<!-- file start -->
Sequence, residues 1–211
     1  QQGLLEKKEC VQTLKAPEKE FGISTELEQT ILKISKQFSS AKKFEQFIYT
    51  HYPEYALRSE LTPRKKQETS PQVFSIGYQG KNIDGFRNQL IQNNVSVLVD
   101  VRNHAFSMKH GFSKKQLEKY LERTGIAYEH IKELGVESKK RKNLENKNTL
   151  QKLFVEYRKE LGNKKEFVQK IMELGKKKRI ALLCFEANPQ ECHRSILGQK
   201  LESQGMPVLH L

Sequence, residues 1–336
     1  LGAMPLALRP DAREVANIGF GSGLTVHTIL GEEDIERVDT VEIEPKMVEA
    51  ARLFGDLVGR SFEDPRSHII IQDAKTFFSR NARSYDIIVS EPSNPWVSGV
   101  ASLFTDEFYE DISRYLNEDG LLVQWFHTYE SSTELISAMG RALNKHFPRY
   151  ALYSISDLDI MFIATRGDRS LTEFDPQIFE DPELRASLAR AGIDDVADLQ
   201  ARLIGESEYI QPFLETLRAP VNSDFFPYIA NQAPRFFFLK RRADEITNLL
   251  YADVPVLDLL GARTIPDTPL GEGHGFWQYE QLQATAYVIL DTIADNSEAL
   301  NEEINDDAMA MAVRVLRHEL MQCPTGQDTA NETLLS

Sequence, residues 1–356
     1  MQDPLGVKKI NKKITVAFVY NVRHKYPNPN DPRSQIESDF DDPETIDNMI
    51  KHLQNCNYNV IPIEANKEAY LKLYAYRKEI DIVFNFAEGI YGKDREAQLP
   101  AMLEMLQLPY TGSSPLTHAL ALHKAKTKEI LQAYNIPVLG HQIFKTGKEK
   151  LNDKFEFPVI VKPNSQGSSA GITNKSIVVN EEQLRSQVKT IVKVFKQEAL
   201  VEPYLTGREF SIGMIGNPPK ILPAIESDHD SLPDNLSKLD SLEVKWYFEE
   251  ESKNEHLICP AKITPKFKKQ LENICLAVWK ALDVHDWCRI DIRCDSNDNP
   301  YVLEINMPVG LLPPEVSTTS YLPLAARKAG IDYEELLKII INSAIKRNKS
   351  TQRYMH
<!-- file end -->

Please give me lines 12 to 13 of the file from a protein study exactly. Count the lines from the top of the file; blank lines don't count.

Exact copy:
   201  ARLIGESEYI QPFLETLRAP VNSDFFPYIA NQAPRFFFLK RRADEITNLL
   251  YADVPVLDLL GARTIPDTPL GEGHGFWQYE QLQATAYVIL DTIADNSEAL